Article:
However, I find that while dramatic irony is one of the most powerful tools in storytelling, sometimes it just makes the story boring, and I haven't figured out why. My superior knowledge of knowing that Annie would not succeed in her mission (we know the bombs will be dropped), left me feeling like there was no point in telling the story. If I already know she's going to fail, why should I be interested?
I instantly thought back to another movie with a similar use of dramatic irony – Titanic. Just like Once More Eden, we know that this will end in catastrophe. We know the ship sinks. So I was trying to figure out why that worked for me and this didn't. One of the reasons was that the characters in the story were physically at the event, whereas in Eden, our heroine was 10,000 miles away from the event. If she had somehow been in Hiroshima and not known what was going to happen, the dramatic irony would have been way more effective, even though that would have been a completely different movie.
Yet I guess, just like Titanic, we don't know what happens to our main character, and therefore should still be interested. But I wasn't, and I'm still trying to figure out why.
Maybe it was because I never latched on to our main character. How you introduce your character is so important in a screenplay because that's when we form our opinion. We don't form our opinion halfway through the movie. We decide if we like this person within 5 minutes. Once More Eden starts with our main character kind of moping around and playing the "woe is me" card in regards to her marriage.
Then she goes to work and we get this really weird scene that feels like something out of Three's Company, where Annie sneaks into a male doctor’s changing room to steal a uniform and pretends to be a doctor to one of her crazy patients. Combined with her less than impressive entrance at home, I decided early on that I didn't like her.
And this is why that's important. If your reader isn't connected to your main character, it doesn't matter if you create the most intriguing well plotted mysterious captivating story in the world. If we don't care about the person taking us through that plot, we're not going to care about the story.
The thing is, Eden runs into even more problems in that it becomes really hard to buy that this nobody housewife is evading a city full of top government officials. The ease in which Annie is able to simply dash in and out of danger stretched the plausibility factor to the limit. That's why most of these movies end up making their protagonist a government official or a cop or a spy or anything to indicate that it would be believable that they could consistently evade high level authority.
Finally, the ending was way too melodramatic. This idea of trying to get across the official country line into Canada, and coming a couple of inches short, just felt too hokey. I mean if the US government is trying to protect a plan to kill hundreds of thousands of people, I don't think an imaginary line on the ground is going to stop them.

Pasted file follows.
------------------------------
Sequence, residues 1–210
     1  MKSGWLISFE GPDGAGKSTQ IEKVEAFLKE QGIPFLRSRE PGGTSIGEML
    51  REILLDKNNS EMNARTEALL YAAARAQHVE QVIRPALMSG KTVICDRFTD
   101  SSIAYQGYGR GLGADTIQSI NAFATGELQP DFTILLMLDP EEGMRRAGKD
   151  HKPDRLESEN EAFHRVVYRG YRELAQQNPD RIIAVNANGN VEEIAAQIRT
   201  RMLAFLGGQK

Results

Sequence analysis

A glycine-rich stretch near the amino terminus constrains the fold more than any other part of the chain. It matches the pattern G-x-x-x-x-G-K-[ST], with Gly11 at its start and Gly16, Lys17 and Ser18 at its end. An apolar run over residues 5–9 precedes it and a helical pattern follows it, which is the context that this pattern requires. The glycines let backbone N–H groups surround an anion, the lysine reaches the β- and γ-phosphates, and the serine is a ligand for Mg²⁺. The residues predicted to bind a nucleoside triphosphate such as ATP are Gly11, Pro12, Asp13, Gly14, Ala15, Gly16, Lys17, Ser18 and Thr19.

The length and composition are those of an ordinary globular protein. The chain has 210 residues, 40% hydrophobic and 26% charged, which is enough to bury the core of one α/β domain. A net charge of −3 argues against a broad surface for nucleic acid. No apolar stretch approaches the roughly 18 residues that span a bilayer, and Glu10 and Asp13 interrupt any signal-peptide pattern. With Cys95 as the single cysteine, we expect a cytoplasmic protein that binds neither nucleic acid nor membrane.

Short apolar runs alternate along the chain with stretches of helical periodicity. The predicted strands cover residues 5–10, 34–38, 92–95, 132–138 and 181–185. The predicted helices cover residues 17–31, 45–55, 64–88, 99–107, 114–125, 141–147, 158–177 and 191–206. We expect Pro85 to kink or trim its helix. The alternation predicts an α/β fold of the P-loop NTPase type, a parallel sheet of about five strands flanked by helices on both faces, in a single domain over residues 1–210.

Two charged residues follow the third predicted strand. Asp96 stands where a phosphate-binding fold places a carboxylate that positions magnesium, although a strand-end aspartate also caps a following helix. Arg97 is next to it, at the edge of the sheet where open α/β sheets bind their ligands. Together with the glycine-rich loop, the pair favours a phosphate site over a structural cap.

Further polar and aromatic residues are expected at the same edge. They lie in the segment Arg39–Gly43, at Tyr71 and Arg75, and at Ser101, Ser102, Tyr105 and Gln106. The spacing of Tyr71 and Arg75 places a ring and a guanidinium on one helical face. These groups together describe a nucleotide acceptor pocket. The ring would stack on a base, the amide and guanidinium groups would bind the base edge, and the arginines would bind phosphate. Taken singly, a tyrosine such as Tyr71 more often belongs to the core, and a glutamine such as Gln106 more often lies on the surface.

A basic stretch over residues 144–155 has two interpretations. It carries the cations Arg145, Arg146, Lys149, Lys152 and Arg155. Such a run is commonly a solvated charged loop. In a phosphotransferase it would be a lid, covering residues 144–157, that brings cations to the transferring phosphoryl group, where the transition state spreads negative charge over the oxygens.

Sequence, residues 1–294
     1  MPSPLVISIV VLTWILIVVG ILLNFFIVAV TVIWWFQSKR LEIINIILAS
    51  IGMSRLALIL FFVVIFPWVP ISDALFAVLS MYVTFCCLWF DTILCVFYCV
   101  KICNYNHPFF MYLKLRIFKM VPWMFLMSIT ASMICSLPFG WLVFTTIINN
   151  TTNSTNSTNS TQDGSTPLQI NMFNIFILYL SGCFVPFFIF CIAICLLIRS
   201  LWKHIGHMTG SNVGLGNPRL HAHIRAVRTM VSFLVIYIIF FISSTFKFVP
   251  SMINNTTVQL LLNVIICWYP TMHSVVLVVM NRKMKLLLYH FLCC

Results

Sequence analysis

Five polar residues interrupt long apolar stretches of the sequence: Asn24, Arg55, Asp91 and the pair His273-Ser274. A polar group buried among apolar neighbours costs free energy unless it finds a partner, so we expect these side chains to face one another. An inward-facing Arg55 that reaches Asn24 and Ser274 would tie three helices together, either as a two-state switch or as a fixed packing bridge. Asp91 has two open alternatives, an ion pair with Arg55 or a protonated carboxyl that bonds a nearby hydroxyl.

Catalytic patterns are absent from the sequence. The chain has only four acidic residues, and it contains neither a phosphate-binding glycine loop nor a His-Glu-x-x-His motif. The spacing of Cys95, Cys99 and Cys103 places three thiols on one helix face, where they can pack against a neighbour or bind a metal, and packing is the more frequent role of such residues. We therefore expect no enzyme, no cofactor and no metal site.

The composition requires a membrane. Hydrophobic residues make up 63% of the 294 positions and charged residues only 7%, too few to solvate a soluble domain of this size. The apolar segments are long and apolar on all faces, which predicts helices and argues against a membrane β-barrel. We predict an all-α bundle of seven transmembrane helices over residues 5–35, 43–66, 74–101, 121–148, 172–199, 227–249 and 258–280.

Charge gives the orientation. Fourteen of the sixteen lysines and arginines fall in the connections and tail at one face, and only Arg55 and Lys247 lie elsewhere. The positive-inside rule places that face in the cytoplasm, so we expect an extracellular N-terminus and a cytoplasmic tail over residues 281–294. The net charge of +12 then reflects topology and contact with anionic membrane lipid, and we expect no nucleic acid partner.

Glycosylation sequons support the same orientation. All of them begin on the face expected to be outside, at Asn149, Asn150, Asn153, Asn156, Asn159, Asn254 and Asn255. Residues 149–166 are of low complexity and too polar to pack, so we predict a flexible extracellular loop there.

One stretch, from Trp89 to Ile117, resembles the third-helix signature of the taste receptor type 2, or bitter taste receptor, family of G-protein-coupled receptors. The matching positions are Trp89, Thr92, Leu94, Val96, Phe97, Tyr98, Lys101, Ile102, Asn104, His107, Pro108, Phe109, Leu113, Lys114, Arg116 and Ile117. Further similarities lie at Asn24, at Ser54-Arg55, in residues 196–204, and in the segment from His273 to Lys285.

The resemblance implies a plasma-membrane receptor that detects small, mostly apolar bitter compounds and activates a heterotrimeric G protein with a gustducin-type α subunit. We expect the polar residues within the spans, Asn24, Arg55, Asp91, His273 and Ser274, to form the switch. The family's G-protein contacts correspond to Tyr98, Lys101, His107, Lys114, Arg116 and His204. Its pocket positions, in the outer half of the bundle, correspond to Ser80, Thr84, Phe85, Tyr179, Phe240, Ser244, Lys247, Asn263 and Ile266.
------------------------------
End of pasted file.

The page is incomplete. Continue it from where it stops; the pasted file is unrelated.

How you would fix all this I unfortunately don't know. You would need to find a way to make the dramatic irony work for you as opposed to against you. The thing is you do have some stuff that feels like a movie here. I like being in the Manhattan Project. I like the female hero. And I liked how Vanessa created a secondary mystery inside the base. But you'd have to rethink this character and find a way to put people we knew in harm's way - (possibly over in Hiroshima -- maybe the husband is over there doing reconnaissance and they speed up the timetable without telling him? So Annie becomes aware that her husband is going to be there when they drop the bomb?). That way we’d be racing to protect someone we actually knew and cared about.
An interesting script that I enjoyed dissecting but it wasn't for me.
Script link: Once More Eden
[ ] What the hell did I just read?
[x] wasn’t for me
[ ] worth the read
[ ] impressive
[ ] genius
What I haven’t learned: Staying with today's theme of dramatic irony, I had the same problem with Valkyrie (the movie about trying to assassinate Hitler ) that I had with Once More Eden. We know they're not going to succeed, so what's the point? I guess the point is we're supposed to care about what happens to our main character, but for whatever reason I couldn't in either case. So I wanted to open it up to you guys and ask why dramatic irony sometimes works and sometimes doesn't. I'm still a little stumped about how to execute it properly.
What I learned: Most of the people who matter in Hollywood don't know anything about screenplay competitions beyond the Nicholl. You'll find some agents and managers who've heard of the next three or four biggest competitions, but if you've placed fourth in the McGillicuddy Macaroon Screenplay Shootout, it's probably a good idea to keep that information to yourself. Doing well at the Nicholl is all you need to say. I also wouldn't put your achievements on your title page as it just looks a wee bit desperate.